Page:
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Gary highlights four plant winners of 2019
Our Mississippi landscapes and gardens really had a tough year in 2019.
The problems started with a bit cooler and much wetter spring season. Then, we suddenly went straight into a hotter and drier summer than we’ve seen in several years. I almost had whiplash with the transition; our garden plants also experienced a form of whiplash.
But there was good news in that I discovered plants that were a lot stronger than I initially thought. So, let me share my “tough enough” plants from 2019.
No. 1: Blue My Mind Evolvulus
Blue My Mind evolvulus is a fantastic plant with funnel-shaped individual flowers that always form near the shoot tips. Blue My Mind is a prolific bloomer.
The foliage has a downy appearance, and the 1-inch, funnel-shaped flowers are sky blue. The flowers only open for one day. They are brilliant in the morning, but they look quite spent by afternoon, especially if the planting bed is west facing and receives a high heat load each afternoon.
A location with a little afternoon shade would be welcome, but too much shade reduces total flowering. Blue My Mind needs to be planted in well-drained soil that is consistently moist.
No. 2: Lime Sizzler Firebush
Lime Sizzler firebush lives up to its name. Its foliage is a variegated mixture of chartreuse yellow and lime green that is highlighted by bright-red veins. The gorgeous, reddish-orange flowers are arranged in whorled clusters and are produced all summer and well into fall.
For the best flower production and foliage color, plant Lime sizzler in full sun for at least six hours per day. This plant will be just fine in a shadier setting, but it won’t have the showy color development.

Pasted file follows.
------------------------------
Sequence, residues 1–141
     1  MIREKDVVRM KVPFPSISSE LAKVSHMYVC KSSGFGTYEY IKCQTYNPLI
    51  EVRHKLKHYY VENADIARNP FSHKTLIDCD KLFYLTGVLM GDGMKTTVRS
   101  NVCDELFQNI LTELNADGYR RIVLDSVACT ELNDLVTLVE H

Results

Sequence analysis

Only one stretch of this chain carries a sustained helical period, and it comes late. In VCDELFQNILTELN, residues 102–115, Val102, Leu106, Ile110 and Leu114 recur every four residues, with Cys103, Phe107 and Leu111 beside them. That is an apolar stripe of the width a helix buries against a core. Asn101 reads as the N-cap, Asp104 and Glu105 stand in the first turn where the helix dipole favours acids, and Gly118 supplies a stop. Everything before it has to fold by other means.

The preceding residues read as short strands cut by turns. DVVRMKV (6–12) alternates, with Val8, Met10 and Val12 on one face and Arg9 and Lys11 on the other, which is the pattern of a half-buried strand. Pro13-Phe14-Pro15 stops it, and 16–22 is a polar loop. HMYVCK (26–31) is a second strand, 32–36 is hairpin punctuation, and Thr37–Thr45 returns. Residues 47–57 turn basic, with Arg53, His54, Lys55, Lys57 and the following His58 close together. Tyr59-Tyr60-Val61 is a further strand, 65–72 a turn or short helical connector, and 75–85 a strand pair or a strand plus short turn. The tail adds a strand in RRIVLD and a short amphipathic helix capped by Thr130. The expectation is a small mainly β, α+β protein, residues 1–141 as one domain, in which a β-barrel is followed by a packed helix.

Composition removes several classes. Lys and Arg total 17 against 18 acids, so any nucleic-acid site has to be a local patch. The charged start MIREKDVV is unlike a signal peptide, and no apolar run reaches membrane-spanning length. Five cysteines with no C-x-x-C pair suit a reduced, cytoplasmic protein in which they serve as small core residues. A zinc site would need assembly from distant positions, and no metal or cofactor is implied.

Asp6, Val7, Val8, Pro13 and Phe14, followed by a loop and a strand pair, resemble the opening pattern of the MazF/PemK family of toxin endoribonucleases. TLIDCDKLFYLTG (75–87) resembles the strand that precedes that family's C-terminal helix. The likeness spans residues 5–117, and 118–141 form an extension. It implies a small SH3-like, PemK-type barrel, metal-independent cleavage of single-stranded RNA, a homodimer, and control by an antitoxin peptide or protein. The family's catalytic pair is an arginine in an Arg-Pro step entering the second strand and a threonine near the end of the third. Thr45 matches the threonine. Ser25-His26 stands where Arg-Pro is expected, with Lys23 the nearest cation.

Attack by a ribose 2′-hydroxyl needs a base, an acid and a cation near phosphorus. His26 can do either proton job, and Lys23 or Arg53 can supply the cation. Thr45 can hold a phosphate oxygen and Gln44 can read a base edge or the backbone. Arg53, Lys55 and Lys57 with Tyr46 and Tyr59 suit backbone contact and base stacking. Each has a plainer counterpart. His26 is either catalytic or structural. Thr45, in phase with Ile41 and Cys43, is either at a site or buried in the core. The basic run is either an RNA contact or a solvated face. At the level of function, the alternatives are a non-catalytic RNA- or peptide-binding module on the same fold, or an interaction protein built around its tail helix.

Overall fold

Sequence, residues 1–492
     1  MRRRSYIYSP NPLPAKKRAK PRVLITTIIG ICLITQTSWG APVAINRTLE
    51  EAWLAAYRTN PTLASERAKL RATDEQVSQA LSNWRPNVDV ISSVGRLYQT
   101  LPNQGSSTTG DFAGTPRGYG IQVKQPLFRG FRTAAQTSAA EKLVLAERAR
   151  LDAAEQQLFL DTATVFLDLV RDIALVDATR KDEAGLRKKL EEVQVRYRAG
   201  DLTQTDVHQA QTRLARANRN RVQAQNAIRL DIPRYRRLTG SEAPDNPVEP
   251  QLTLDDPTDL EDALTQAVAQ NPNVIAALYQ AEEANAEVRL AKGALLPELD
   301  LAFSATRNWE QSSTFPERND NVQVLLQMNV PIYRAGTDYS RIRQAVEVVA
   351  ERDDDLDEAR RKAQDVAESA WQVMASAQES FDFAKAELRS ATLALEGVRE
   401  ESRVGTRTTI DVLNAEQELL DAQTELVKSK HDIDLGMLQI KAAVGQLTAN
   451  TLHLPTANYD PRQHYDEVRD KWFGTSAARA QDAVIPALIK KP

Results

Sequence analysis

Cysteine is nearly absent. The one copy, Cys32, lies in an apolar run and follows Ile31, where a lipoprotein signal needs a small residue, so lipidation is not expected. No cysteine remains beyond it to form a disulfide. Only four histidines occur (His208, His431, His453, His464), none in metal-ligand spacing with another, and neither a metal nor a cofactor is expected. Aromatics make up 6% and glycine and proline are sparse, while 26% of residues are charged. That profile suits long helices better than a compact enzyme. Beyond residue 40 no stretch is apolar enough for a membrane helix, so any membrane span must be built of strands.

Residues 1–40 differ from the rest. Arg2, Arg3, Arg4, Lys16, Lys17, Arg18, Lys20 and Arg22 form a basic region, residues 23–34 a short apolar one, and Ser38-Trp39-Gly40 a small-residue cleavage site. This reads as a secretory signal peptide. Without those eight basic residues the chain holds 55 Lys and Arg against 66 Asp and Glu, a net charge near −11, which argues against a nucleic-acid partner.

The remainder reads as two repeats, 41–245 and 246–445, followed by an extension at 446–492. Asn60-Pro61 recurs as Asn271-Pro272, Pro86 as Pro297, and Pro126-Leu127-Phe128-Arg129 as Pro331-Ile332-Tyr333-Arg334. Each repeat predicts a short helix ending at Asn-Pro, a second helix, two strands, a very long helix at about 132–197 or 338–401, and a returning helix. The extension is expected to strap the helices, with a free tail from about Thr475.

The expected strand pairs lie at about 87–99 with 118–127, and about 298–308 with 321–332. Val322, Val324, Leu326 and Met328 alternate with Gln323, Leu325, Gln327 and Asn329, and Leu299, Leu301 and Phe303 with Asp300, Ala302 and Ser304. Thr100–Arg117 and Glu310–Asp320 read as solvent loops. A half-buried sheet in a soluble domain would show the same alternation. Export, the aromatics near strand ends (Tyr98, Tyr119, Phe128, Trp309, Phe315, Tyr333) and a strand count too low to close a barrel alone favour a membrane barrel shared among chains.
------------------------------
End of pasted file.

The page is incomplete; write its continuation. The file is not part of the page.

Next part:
No. 3: Sangria Ornamental Peppers
The pretty, ornamental pepper variety Sangria holds its slender fruit pointing upward boastfully as if getting ready for a party. Fruit comes in almost unbelievable numbers and resembles confetti. Young peppers emerge greenish yellow, and then march through a wonderful parade of colors -- orange, lilac, purple and finally a glorious, crimson red.
No. 4: Cherokee Sunset Rudbeckia
This 2002 All-America Selection is a fantastic choice that consists of a blend of warm, autumnal colors of yellow, orange and mahogany bronze.
The flowers of Cherokee Sunset are big: 3 to 4 inches in diameter. They are a mix of singles and doubles, especially when grown in full sun. These plants reach about 24 inches tall, and the sturdy stems hold the large flowers without staking. Cherokee Sunset is a good choice for cutting for use in fall, indoor arrangements.
I like to reflect during the winter months on what worked for me in the garden, as well as what I saw that worked around the state. There will always be plants that disappoint for some reason; that’s just part of gardening.
But you can count on these plants to be fantastic performers in your garden. I know I will plant them again in 2020.